What Is Down Syndrome, And What Causes It?

young brunette girl with down syndrome

World Down Syndrome Day falls on the 21st of March and, as with other rare conditions it’s often misunderstood. When we explored what people Google searched most about it, we saw the a high number of searches for ‘causes of Down syndrome’. That’s understandable, especially if you’re an expectant parent whose baby may have Down syndrome.

Research estimates that there are between 13,000 and 15,000 individuals living with Down syndrome in Australia. This is less than 1% of the population. The condition can’t be cured, and it does come with intellectual disability of varying degrees, but people with it can lead positive and fulfilling lives.

To observe World Down Syndrome Day, we wanted to put to rest some of the myths around the causes of Down syndrome. So, here’s your facts-only guide to what Down syndrome is, and what causes it.

And when you finish reading this, check out Down Syndrome Australia’s 21 stories for World Syndrome Day!

What is Down syndrome?

Down syndrome occurs when a baby is born with an extra copy of chromosome 21. While most people have two copies of chromosome 21, a person with Down syndrome has three in total. This is why Down syndrome is sometimes called trisomy 21.

Down syndrome is a genetic disorder that presents itself as a baby grows in utero. Nowadays, it can often be detected before the baby is born. In previous years, this wasn’t possible. If it isn’t detected before birth a blood test will confirm it afterwards.

What effects does Down syndrome have?

It goes without saying that each person with Down syndrome is an individual. So, 10 people with the condition would all have different things that they find easier and harder.

However, there are some characteristic features of Down syndrome, both physical and intellectual.

Physical characteristics of Down syndrome

It varies from person to person, but some of the physical characteristics of Down syndrome include:

  • Most people with Down syndrome have almond shaped eyes that slant upward to some degree.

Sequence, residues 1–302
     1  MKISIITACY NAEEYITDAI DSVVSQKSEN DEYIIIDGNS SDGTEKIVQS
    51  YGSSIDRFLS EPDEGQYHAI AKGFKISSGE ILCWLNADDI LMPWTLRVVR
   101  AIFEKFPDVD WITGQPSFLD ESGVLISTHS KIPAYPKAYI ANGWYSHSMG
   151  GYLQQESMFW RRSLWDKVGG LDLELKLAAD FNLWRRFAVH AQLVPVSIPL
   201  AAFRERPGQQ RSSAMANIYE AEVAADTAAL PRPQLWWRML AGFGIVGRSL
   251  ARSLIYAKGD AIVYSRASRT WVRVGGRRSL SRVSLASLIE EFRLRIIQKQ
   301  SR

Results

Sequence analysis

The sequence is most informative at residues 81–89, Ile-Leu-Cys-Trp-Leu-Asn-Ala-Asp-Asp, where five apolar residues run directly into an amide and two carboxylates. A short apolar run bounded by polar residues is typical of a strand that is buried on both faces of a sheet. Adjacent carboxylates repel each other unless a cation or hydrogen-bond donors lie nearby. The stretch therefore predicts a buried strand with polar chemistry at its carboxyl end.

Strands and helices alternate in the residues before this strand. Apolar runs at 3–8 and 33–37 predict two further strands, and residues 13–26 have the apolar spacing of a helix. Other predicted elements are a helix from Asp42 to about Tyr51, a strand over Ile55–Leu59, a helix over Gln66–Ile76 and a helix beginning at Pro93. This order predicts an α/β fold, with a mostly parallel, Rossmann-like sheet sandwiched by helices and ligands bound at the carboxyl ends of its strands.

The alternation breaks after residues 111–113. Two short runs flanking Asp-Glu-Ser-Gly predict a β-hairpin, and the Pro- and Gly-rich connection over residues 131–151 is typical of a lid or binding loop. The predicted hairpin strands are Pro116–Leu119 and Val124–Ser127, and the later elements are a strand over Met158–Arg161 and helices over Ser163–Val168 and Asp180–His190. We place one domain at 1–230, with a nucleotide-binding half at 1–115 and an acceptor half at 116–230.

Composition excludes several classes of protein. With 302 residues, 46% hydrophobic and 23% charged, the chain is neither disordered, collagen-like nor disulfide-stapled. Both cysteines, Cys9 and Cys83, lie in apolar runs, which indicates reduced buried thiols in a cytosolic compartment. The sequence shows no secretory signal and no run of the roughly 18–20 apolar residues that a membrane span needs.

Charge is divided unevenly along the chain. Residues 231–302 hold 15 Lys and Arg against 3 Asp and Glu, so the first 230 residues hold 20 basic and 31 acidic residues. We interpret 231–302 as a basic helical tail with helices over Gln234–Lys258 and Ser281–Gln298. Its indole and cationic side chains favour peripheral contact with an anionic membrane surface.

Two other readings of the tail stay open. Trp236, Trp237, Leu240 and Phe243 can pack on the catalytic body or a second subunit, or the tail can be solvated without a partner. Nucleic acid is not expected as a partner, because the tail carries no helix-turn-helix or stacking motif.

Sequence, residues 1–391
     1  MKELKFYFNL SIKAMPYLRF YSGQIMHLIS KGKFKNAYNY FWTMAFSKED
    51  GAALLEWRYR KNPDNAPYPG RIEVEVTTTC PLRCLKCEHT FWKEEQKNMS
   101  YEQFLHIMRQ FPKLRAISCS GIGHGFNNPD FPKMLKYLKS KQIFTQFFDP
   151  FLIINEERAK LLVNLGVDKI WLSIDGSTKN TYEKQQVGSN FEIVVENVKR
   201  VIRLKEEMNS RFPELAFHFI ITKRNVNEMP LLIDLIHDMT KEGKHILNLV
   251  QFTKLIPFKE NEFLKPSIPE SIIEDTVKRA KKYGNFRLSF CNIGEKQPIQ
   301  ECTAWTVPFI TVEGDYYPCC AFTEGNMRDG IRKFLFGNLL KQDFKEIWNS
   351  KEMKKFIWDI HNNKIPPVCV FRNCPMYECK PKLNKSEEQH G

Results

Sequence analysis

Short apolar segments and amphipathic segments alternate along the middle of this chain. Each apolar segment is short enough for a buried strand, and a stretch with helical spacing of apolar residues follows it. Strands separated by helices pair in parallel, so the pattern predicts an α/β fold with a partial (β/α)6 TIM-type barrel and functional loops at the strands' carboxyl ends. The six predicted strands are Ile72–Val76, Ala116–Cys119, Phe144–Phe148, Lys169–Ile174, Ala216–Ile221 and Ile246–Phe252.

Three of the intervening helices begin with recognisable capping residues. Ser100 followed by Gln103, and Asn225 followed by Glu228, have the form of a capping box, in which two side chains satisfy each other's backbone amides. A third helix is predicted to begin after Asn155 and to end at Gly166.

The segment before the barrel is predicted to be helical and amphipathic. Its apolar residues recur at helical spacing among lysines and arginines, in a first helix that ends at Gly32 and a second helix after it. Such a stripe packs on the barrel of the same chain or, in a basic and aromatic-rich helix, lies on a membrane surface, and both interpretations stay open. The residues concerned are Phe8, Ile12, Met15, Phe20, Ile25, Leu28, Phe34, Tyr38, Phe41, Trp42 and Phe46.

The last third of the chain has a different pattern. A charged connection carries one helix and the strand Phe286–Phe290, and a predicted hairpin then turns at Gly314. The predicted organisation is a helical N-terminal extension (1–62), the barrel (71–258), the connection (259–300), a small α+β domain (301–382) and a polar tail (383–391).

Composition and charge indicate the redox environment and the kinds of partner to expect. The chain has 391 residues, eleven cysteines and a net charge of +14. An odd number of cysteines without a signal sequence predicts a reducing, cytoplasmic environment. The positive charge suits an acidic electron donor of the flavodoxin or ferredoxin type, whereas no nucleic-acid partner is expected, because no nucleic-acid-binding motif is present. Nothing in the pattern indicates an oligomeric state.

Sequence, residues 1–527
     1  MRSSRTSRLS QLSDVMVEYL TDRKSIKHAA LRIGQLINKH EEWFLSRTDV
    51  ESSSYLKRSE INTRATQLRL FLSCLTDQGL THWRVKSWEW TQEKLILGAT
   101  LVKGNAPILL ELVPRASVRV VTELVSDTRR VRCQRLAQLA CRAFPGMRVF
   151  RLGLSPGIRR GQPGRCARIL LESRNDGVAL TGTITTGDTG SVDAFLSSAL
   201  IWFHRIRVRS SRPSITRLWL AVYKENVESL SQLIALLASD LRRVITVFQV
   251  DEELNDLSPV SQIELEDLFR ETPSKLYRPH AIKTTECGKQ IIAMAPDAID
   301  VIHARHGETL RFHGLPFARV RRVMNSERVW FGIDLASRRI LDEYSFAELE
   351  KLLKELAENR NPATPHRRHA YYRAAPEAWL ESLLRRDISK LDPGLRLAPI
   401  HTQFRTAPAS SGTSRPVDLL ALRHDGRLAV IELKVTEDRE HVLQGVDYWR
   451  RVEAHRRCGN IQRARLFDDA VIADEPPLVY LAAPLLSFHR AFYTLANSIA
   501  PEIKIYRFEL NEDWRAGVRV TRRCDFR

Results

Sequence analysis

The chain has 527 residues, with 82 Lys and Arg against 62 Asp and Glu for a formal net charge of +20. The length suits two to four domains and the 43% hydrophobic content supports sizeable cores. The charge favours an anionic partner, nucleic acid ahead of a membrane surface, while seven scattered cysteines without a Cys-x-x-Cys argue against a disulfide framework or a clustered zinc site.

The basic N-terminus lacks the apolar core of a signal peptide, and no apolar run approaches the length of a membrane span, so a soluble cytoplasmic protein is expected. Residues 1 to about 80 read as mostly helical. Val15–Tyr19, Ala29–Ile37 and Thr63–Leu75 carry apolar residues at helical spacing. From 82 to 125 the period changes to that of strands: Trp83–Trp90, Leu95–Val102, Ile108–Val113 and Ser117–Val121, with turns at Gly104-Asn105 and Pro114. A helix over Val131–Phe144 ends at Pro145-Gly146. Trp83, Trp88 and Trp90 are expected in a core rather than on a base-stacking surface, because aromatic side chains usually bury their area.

• The face of a person with Down syndrome often tends to be flatter across the nose and more rounded in shape. Small ears are also common
  • People with Down syndrome tend to be smaller in stature.
  • Most people with Down syndrome have lower muscle tone than people without it
  • Many have a single large crease or line across the palm of the hand (palmar crease)
  • Further, there has been a wonderfully positive change in life expectancy in the past 70 years. In the 1950s, babies with Down syndrome in Australia had a life expectancy of 15 years of age. Now it’s around 60 years of age.
adult woman in hat with down syndrome

Other features of Down syndrome

Down syndrome does cause developmental delay and learning disability. However, the extent of this and the particular areas in which the delay and disabilities are found vary between people.

Generally speaking, babies with Down syndrome will reach the same major milestones as their peers. This includes smiling, sitting, up, walking, crawling, and so on. However, there is normally a delay to the age at which these milestones are reached.

As babies turn into children and adults, speech is usually the most delayed developmental area. Even with therapy throughout their childhood, adults with Down syndrome usually still require more support than most other adults.

In Australia, the NDIS can offer assistance in helping people with Down syndrome to reach their potential and improve their daily living. If you’re new to the NDIS (or even if you’re an old hand!), the system can seem very overwhelming.

Check out some of our articles for guidance, exploring the steps to access the NDIS, setting NDIS goals, what the NDIS considers reasonable and necessary supports, and how to find a good NDIS support coordinator. You may also want to read about NDIS early childhood early intervention access after your child turns seven.

What are the causes of Down syndrome?

We know how Down syndrome occurs, i.e., because a chromosome is duplicated. However, experts do not yet understand why it happens. Most people have 46 chromosomes. Individuals with Down syndrome have 47. This is essentially the root cause of Down syndrome. However, nobody is sure why the duplication happens.

It’s important to remember that Down syndrome is a genetic condition; somebody doesn’t develop it over time. Much like the colour of your eyes or your mature height, nobody can cause anyone to be born with Down syndrome.

In fact, all experts agree that it’s pure chance for a baby to have the extra chromosome that causes Down syndrome happens. Though some factors increase the probability.

The mother’s age and Down syndrome

There is a link between the age of the mother and the chance of a child developing Down syndrome. While a mother of any age can have a child with Down syndrome, the chance increases as they get older.

According to this article by the Royal Australian College of General Practitioners, the probability of a mother conceiving a child with Down syndrome rises from 1 in 1400 for a woman aged 20 years to 1 in 32 for a woman aged 45 years.

Aside from this, it’s difficult to pinpoint any other factors which may put someone at risk for having a baby with Down syndrome.

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